The other scenario, however, is a more promising one, avoiding the worst-case scenario, if governments and commerce can wake up to the seriousness of the issue and respond by controlling CO2 emissions, provide better management of fisheries, and control pollution and declining coastal water quality. There would still be a level of coral loss, a rise in sea level, and increased storm and drought activity - but if we act now, it can be brought under manageable levels and even improve over time.
So, there's still time, but the clock is ticking and so action must be taken now rather than later. Click here to download the entire report.
On the other side of globe, deep water corals along the southeast coast of the U.S., from North Carolina to Florida, are at risk from destructive fishing techniques. Commercial deep-water fishing techniques include longlines and trawls the rake across the bottom, scraping up everything in its path - including delicate corals. And this isn't a gentle little rub; these nets can lift 18-ton rocks and pieces of reef right off the bottom. (Watch these techniques at work and you'll think twice about ordering that shrimp cocktail.)
Oceana is initiating a campaign to garner support for a proposed regulation by NOAA to protect as much as 23,000 square miles of deep coral reef area. Click here to learn more about what you can do.
Friday, August 21, 2009
It was a well-attended event and the staff for both Assemblymembers Fletcher and Huffman did a great job in providing the equipment and hand-out materials for the event, held in one of the stately committee conference rooms.
Dr. Klimley of UC Davis had an opportunity to stress the importance of continued research and introduced several of his researcher/grad students who are involved in projects ranging from San Francisco Bay to the Galapagos Islands.
Greg Grivetto of Horizon Charters and I spoke of the importance of co-operation between California and Mexico regarding ongoing eco-tourism and research - the two often work hand in hand. And I emphasized to the elected officials in attendance the need for appreciating the reality that, despite conservation and fishery management laws within defined state, federal or international waters, many sea animals, including sharks, don't pay attention to these man-made boundaries and that what happens to a species in one area of the world could have profound impacts on other regions, thereby impacting protected species, fishery management, and even tourism economies.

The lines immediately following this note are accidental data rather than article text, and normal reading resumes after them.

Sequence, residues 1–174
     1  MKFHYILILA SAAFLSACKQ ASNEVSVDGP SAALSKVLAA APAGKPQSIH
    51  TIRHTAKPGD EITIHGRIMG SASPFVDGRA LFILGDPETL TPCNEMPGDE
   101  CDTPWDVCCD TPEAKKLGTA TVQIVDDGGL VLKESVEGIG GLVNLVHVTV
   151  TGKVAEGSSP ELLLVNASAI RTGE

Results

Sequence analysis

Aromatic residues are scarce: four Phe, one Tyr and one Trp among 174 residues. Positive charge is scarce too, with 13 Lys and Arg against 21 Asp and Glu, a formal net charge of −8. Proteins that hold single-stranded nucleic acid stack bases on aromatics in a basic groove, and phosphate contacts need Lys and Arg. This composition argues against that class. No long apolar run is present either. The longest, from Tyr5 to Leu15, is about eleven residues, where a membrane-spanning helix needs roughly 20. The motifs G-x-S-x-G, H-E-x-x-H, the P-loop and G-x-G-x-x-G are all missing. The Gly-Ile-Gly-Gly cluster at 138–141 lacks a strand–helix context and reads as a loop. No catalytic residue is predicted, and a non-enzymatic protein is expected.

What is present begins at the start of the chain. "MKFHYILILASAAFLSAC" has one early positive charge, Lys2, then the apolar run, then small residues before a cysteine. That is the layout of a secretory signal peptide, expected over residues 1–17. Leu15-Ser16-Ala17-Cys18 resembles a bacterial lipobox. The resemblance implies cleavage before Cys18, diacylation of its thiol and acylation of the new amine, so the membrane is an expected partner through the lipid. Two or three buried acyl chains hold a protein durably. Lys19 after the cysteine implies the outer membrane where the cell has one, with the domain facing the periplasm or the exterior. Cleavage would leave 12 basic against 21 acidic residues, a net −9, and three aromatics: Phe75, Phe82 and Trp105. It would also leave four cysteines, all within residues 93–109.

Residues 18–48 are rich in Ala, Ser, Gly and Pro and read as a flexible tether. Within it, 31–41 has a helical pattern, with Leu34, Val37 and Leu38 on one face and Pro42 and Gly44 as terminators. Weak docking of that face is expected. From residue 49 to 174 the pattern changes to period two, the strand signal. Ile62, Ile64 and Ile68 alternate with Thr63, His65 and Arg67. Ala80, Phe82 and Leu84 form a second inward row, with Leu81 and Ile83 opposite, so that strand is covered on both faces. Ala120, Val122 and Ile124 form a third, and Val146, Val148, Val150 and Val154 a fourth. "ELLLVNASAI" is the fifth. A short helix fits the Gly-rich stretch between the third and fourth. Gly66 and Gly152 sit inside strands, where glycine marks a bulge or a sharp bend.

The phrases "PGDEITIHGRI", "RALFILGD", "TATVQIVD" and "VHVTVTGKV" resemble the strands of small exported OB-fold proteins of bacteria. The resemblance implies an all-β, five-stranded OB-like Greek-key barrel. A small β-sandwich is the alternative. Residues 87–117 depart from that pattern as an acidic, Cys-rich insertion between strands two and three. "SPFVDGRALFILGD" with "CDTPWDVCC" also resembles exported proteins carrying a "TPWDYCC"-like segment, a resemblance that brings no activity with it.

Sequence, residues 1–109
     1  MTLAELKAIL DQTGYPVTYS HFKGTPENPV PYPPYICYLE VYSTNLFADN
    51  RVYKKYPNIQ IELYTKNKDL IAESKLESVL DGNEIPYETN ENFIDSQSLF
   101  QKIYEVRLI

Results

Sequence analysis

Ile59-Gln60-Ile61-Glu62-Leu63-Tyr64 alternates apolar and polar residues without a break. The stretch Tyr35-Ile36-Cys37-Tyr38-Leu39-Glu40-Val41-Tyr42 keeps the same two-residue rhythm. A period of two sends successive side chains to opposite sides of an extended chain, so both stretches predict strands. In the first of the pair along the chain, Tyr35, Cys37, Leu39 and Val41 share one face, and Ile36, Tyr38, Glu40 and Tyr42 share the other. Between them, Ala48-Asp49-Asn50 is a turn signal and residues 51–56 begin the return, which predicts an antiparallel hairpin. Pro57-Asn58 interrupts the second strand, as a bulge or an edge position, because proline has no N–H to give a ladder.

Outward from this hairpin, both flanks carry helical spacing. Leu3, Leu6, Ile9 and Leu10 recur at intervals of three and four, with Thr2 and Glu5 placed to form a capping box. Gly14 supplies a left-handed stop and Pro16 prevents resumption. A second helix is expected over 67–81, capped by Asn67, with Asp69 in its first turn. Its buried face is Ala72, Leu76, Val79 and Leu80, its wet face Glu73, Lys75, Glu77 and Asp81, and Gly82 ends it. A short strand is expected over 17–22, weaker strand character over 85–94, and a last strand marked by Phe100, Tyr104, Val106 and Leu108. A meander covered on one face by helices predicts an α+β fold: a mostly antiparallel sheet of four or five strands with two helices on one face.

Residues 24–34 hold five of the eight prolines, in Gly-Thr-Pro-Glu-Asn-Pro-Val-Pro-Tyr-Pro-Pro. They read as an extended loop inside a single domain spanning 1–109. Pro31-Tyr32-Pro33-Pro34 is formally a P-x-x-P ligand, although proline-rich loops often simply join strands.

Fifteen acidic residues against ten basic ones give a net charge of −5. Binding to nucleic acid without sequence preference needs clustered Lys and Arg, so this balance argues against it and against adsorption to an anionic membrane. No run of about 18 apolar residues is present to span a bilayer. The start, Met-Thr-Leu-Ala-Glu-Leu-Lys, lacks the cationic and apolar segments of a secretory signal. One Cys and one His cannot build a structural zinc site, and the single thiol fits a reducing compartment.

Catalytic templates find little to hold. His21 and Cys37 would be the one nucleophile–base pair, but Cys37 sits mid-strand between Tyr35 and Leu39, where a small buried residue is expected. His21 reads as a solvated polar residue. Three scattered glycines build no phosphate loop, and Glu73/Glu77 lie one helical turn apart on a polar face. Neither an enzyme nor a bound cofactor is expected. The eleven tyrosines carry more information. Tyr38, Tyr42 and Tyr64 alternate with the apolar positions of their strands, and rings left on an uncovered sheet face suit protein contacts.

In the end, it's one planet, one big ocean, and we all need to work together. Following the screening/presentation at the California Capitol, we'll be working on a diplomatic meeting between California and Mexico officials with perhaps a side trip to Isla Guadalupe, so hopefully more news to come in the future.
Tuesday, August 18, 2009
White Shark Film To Screen At State Capitol: CA Assembly invited to "Island of the Great White Shark"
FOR IMMEDIATE RELEASE
CALIFORNIA ASSEMBLYMEMBERS SPONSOR SCREENING OF
ISLAND OF THE GREAT WHITE SHARK AT STATE CAPITOL
Invited legislators will see accurate portrayal of vital ocean
predator and hear discussion of its importance to the state
Sacramento, California, August 18, 2009 – California Assemblymembers Nathan Fletcher (R, 75th Assembly District) and Jared Huffman (D, 6th Assembly District) will be sponsoring a special screening/discussion of RTSea Productions’ Island of the Great White Shark for invited members of the State Assembly and Senate on Wednesday August 19, 2009 at the State Capitol. The award-winning documentary film is a comprehensive look at the great white sharks of Isla Guadalupe, Baja, exploring the true nature of these critically important animals and the ongoing scientific research intended to secure their survival. Following the screening, RTSea filmmaker Richard Theiss, world-renown shark expert Dr. Peter Klimley from UC Davis, and eco-tourism operator Greg Grivetto from Horizon Charters, will discuss and field questions about the film, the important conservation and eco-tourism issues facing these ocean predators, and what the future of these animals means to California.
“These are absolutely magnificent creatures living on a razor’s edge of possible extinction. And there are some very dedicated people working tirelessly to prevent that. This is a story that needed to be told because their fate can have an impact on California, ranging from tourism and fishery economies to fragile marine ecosystems,” says Richard Theiss, RTSea Productions, executive producer and cinematographer.